Vuex in Vue.js

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    Athul Raj
  • August 1,2019

Vuex is a state management pattern + library for Vue.js applications. It serves as a centralized store for all the components in an application, with rules ensuring that the state can only be mutated in a predictable fashion.

What is a "State Management Pattern"?

Let's start with a simple Vue counter app:

new Vue({
  // state
  data () {
    return {
      count: 0
    }
  },
  // view
  template: `
    <div>{{ count }}</div>
  `,
  // actions
  methods: {
    increment () {
      this.count++
    }
  }
})

It is a self-contained app with the following parts:

This is an simple representation of the concept of "one-way data flow":

However, the simplicity quickly breaks down when we have multiple components that share a common state:

So to overcome this problem an approach is choosen

why don't we extract the shared state out of the components, and manage it in a global singleton? With this, our component tree becomes a big "view", and any component can access the state or trigger actions, no matter where they are in the tree!
This is the basic idea behind Vuex.

Getting Started

At the center of every Vuex application is the store. A "store" is basically a container that holds your application state. There are two things that make a Vuex store different from a plain global object:

After installing Vuex, let's create a store. It is pretty straightforward - just provide an initial state object, and some mutations:

// Make sure to call Vue.use(Vuex) first if using a module system

const store = new Vuex.Store({
  state: {
    count: 0
  },
  mutations: {
    increment (state) {
      state.count++
    }
  }
})

Now, you can access the state object as store.state, and trigger a state change with the store.commit method:

store.commit('increment')

console.log(store.state.count) // -> 1

Lets dig into some core concepts of Vuex

1.State

Vuex uses a single state tree - that is, this single object contains all your application level state and serves as the "single source of truth". This also means usually you will have only one store for each application.

Getting Vuex State into Vue Components

Since Vuex stores are reactive, the simplest way to "retrieve" state from it is simply returning some store state from within a computed property:

// let's create a Counter component
const Counter = {
  template: `<div>{{ count }}</div>`,
  computed: {
    count () {
      return store.state.count
    }
  }
}

Whenever store.state.count changes, it will cause the computed property to re-evaluate, and trigger associated DOM updates.

2.Mutations

The only way to actually change state in a Vuex store is by committing a mutation. Vuex mutations are very similar to events: each mutation has a string type and a handler. The handler function is where we perform actual state modifications, and it will receive the state as the first argument:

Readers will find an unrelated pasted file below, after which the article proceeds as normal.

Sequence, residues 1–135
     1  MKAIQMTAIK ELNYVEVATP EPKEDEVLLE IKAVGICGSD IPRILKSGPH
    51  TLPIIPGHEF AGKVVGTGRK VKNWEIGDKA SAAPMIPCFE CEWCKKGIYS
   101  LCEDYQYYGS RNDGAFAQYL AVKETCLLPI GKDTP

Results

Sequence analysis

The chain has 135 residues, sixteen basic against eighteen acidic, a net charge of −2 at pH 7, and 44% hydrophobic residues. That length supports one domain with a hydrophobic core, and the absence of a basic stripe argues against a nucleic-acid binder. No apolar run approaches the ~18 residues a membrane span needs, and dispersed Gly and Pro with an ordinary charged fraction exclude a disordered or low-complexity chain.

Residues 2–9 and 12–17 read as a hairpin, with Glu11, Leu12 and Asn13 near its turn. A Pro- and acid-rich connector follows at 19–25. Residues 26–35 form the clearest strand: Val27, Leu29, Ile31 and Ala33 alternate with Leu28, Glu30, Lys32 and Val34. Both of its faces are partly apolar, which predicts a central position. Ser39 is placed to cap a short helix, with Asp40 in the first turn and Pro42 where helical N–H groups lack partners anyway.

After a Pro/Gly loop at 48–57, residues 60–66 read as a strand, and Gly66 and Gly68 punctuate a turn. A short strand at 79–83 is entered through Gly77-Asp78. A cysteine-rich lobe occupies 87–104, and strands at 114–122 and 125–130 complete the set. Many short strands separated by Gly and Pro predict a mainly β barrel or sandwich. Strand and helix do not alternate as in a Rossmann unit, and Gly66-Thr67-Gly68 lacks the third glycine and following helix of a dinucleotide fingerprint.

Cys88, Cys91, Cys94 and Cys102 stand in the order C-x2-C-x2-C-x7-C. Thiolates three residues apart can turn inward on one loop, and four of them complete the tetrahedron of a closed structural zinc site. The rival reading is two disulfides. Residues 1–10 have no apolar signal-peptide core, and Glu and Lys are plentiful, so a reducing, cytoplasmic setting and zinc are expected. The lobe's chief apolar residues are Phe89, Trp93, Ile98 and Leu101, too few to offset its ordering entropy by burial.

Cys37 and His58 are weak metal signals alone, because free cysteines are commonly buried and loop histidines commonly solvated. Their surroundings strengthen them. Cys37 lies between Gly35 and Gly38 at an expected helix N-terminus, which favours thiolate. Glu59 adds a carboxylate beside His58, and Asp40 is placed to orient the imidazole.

const store = new Vuex.Store({
  state: {
    count: 1
  },
  mutations: {
    increment (state) {
      // mutate state
      state.count++
    }
  }
})

You cannot directly call a mutation handler. Think of it more like event registration: "When a mutation with type increment is triggered, call this handler." To invoke a mutation handler, you need to call store.commit with its type:

store.commit('increment')

3. Actions

Actions are similar to mutations, the differences being that:

Let's register a simple action:

const store = new Vuex.Store({
  state: {
    count: 0
  },
  mutations: {
    increment (state) {
      state.count++
    }
  },
  actions: {
    increment (context) {
      context.commit('increment')
    }
  }
})

Dispatching Actions

Actions are triggered with the store.dispatch method:

store.dispatch('increment')

Application Structure

Vuex doesn't really restrict how you structure your code. Rather, it enforces a set of high-level principles:

  1. Application-level state is centralized in the store.

  2. The only way to mutate the state is by committing mutations, which are synchronous transactions.

  3. Asynchronous logic should be encapsulated in, and can be composed with actions.

As long as you follow these rules, it's up to you how to structure your project. If your store file gets too big, simply start splitting the actions, mutations and getters into separate files.

For any non-trivial app, we will likely need to leverage modules. Here's an example project structure:

├── index.html
├── main.js
├── api
│   └── ... # abstractions for making API requests
├── components
│   ├── App.vue
│   └── ...
└── store
    ├── index.js          # where we assemble modules and export the store
    ├── actions.js        # root actions
    ├── mutations.js      # root mutations
    └── modules
        ├── cart.js       # cart module
        └── products.js   # products module
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